Always happy to.Speaker 2:
This is fun. Last week we talked about Dave Grohl and Foo Fighters and Nirvana and we just that was a lot of fun. This won't quite be the rock star, you know, like the Dave Grohl type rock star, but I think what we're going to talk about today really does sort of get to the rock stars of business maybe. So this post that I'm referencing it starts out you say, earlier this year I spoke at a Morrissey Goodale conference and met Mick Morrissey for the first time. So you and I both know, mick, we're doing some fun things with Morrissey Goodale now and you were at their conference and it was in Texas, wasn't it?Speaker 3:
No, it was in Vegas.Speaker 2:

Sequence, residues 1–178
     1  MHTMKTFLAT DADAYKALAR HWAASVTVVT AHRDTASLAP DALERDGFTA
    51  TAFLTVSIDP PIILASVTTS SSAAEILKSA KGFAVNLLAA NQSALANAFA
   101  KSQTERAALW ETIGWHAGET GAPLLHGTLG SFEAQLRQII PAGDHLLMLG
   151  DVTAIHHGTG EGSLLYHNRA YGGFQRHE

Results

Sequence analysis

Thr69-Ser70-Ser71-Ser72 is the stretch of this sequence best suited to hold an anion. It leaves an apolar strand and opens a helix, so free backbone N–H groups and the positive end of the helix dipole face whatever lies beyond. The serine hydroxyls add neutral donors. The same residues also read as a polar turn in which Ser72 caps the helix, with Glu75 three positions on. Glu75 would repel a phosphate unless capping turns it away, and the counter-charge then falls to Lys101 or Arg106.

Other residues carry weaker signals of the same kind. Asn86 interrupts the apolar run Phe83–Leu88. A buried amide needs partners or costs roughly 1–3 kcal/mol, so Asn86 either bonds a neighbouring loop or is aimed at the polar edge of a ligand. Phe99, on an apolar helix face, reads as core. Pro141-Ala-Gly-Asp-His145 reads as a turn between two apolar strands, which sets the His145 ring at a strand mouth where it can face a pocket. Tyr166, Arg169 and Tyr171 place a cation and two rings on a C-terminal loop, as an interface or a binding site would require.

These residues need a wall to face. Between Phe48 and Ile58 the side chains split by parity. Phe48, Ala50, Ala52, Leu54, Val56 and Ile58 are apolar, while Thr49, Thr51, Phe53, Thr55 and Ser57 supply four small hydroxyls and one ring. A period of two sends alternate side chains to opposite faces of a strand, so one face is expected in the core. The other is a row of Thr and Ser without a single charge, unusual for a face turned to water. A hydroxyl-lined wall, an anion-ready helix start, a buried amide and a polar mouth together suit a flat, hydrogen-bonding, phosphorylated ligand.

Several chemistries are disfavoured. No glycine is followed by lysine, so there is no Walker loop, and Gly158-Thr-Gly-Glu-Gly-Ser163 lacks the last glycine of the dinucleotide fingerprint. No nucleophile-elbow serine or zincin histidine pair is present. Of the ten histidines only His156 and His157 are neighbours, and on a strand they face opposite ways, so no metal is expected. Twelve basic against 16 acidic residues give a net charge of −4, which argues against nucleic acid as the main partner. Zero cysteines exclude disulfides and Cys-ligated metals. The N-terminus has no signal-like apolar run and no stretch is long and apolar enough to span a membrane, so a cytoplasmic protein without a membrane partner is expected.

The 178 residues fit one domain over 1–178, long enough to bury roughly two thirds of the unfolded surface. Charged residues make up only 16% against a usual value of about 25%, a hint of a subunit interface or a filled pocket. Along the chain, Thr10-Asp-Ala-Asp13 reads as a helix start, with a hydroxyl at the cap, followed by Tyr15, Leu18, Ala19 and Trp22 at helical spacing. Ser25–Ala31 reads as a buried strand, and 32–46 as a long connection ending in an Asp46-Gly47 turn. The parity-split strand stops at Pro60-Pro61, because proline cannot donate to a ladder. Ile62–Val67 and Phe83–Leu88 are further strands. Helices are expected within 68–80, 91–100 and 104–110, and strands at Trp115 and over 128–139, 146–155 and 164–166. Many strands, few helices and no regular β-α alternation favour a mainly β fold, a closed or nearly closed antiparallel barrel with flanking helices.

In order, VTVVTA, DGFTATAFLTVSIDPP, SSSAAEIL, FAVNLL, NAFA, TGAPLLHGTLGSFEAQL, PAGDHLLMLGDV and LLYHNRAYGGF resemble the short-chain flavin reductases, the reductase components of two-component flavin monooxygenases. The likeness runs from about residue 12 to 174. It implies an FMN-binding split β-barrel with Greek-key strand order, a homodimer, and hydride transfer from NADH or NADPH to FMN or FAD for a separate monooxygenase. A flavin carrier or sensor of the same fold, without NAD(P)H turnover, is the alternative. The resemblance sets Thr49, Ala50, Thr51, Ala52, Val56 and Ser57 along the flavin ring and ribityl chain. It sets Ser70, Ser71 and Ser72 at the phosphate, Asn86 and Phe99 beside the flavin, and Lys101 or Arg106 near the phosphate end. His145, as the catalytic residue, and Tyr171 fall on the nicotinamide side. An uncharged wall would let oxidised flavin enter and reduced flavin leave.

It was in Vegas. Okay, so it was a Morrissey Goodale in Vegas in 2023. You went on to say needless to say, we hit it off and he has been very supportive of my efforts to drive innovation in the AEC space. So we're excited to collaborate and have Morrissey Goodale host the Shadow Partners Incubator demo day at their 2024 Southeast Symposium, and I'm particularly excited about that because the Incubator is one of my projects here at Shadow Partners. I love being involved with the Incubator and it will culminate this time. We always culminate with a demo day and with this next cohort that we're running now, it will culminate, as you said in your article, at the Morrissey Goodale Symposium in Miami, and so attached to your post is the word on the street article from Morrissey Goodale. It's titled Shark Tank for the AEC industry. It says we've added a ton of new features and content to our symposiums for 2024. One of the most exciting additions is the Innovation Incubator for the AE industry, which showcases some of the industry's most exciting new startups and business ideas. The concept is based on the popular TV show Shark Tank, except these are new businesses and they're focused on making a splash in design and construction industries, and we don't have anyone who goes by the moniker. Mr Wonderful, we could probably change that. I don't mean we may not want to tell Nick, but we might.Speaker 3: